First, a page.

Wills – If you dont think you need one-think again
For many Canadians, writing a will is far from the top of a busy to-do list. After all, contemplating and planning for your own demise is never a pleasant exercise. Yet it’s one all of us must face at some time in our lives, and there are a number of good reasons why Canadians shouldn’t procrastinate when it comes to writing their will – especially when you consider how little it costs and the benefits that result from what can be a relatively simple task.
A will is an essential part of an estate plan, but what many people don’t understand is why. In a nutshell, a will is what speaks for you after you pass away. It communicates your intentions and allows you – and not the government – to determine how the assets you have worked hard to accumulate will be distributed upon your death.
A will facilitates the administration of your estate, can help you save taxes and avoids the potentially undesirable consequences of dying ”intestate” – which means dying without a will. Nevertheless, despite the importance of having a will, it has been estimated that about half of all Canadians have not taken the time to create one.1 You put a lot of effort into acquiring wealth, so doesn’t it make sense to ensure your interests are preserved after you pass away?
WHAT IS A WILL?
A will is a formal document that sets out your intentions on how your assets are to be distributed after your death. It also allows you to designate the person(s) you wish to take care of your children should both you and your spouse pass away.
More specifically, the will designates the person or institution known as the “executor,” who will administer your financial affairs after death, specifies beneficiaries to whom the assets are to be distributed, and articulates when and how the distributions are to be made. A will can also include special provisions for your children or disabled beneficiaries, and can specify whether certain debts owed to an individual are to be repaid or forgiven.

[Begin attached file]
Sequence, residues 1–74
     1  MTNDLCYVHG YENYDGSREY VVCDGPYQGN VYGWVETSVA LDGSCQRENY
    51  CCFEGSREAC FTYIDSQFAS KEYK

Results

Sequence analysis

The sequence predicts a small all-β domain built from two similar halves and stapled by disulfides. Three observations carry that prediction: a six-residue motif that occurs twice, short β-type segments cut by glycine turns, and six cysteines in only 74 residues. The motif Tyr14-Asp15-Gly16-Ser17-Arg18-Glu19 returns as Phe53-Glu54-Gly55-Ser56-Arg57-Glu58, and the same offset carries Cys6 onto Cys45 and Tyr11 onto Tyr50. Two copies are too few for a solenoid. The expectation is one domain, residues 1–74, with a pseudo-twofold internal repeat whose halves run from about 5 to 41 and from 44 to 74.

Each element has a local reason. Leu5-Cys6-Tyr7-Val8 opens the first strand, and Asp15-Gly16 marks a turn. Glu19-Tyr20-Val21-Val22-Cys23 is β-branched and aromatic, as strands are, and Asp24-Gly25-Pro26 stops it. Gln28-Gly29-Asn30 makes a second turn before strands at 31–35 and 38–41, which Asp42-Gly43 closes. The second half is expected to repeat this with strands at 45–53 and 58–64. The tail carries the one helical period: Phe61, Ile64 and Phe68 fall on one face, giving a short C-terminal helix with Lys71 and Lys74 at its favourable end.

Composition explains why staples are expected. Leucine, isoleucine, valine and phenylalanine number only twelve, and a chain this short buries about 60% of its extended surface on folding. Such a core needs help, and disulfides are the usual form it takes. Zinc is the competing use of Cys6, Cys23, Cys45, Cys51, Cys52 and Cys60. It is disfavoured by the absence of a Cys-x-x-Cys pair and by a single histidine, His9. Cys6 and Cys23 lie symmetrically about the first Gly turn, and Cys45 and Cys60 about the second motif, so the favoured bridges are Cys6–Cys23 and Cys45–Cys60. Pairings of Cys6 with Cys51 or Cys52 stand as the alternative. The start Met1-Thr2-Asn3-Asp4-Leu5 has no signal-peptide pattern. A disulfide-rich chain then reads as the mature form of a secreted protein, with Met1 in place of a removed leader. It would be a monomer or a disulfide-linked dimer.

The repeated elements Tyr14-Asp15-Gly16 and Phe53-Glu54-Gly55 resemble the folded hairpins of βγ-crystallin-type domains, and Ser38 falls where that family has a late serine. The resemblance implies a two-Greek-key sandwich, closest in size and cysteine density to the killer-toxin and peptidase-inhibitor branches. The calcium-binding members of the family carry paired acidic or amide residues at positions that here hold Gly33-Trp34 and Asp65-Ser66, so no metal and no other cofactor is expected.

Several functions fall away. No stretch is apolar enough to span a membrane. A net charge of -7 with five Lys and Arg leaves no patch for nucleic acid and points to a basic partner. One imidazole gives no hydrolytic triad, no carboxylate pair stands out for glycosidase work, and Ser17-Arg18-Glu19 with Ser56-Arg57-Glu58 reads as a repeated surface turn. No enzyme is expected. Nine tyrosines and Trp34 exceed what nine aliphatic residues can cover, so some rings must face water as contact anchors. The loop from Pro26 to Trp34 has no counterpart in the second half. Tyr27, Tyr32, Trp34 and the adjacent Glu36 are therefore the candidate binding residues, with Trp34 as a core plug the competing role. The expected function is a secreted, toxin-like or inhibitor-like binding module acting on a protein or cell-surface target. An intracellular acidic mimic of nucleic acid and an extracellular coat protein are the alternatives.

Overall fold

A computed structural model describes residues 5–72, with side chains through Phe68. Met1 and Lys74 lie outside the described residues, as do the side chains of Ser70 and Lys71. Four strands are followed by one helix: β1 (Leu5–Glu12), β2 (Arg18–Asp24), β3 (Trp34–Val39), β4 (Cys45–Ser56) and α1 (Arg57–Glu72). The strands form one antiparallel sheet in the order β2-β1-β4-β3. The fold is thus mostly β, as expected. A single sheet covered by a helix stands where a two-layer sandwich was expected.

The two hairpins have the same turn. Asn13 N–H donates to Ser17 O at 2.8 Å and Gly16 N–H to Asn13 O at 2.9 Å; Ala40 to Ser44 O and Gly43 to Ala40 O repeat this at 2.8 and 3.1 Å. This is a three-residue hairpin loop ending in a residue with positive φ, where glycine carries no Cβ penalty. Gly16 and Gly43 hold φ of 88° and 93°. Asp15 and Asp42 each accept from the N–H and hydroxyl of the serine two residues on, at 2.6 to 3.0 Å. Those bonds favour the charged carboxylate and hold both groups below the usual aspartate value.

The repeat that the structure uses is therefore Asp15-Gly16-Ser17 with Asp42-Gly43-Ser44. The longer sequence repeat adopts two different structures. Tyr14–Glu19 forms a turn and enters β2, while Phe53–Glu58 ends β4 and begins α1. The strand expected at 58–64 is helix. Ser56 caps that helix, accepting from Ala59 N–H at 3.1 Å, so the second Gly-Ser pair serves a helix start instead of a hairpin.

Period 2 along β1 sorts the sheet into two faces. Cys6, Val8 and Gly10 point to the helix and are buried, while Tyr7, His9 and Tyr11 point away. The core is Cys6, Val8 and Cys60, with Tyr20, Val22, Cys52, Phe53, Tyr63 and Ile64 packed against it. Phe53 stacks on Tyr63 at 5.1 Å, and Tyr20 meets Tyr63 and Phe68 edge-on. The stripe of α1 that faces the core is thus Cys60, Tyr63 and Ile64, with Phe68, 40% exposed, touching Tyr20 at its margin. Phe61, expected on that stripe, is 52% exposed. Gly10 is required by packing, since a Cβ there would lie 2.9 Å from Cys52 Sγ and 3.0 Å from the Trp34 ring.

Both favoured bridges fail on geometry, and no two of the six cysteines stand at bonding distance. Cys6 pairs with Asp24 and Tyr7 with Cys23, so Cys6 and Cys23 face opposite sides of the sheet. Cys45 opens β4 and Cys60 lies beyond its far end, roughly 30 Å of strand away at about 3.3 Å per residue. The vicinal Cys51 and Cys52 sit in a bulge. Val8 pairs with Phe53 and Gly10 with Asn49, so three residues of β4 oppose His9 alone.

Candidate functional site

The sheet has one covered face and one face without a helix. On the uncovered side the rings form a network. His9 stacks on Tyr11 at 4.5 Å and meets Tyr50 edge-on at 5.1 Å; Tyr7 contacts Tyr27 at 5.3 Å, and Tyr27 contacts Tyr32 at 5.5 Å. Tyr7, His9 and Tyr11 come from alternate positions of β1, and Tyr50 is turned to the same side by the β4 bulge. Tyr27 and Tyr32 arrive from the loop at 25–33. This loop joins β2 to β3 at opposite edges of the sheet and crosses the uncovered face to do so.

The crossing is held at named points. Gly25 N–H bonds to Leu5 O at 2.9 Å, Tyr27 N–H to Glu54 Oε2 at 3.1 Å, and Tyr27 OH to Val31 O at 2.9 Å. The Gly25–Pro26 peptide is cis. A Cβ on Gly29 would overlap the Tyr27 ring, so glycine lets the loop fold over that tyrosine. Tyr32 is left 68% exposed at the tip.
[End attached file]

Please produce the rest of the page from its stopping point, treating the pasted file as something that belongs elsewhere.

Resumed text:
Generally, a will can be updated either through the use of a codicil (a testamentary document that makes one or more changes to a will) or a new will. In addition, a will is revocable – that is, the testator (the person making the will) always has the ability to amend or revoke the will, while mentally competent, if he or she chooses to do so.
Having a well-drafted will can minimize the cost and delays of administering your estate, decrease or postpone taxes, and reduce the complex and time-consuming financial issues your friends and family would otherwise have to deal with after your demise. For these reasons, it is prudent to establish a will early in life – after purchasing your first home, for example, or immediately upon marriage or the birth of your first child.
WHAT IF I DON’T HAVE A WILL?
If you don’t have a will or your will is deemed to be invalid, you will be deemed to have died intestate. Ultimately, the court will appoint someone to administer and distribute your estate according to the intestacy laws of the province in which you reside, regardless of what your wishes are. This means that your assets may not be distributed to your beneficiaries as you intended.
Under intestacy laws, your spouse will usually receive a certain amount of your estate, often known as the “preferential share,” and the remainder will be divided among your children. In Quebec, the spouse is guaranteed to receive a portion of the estate. This may not seem problematic, but in some situations it can lead to undesirable results. Take a case in which spouses are separated and estranged. Because they haven’t divorced they are still technically spouses, which means the intestacy rules require that all or part of the estate be distributed to the surviving, separated spouse.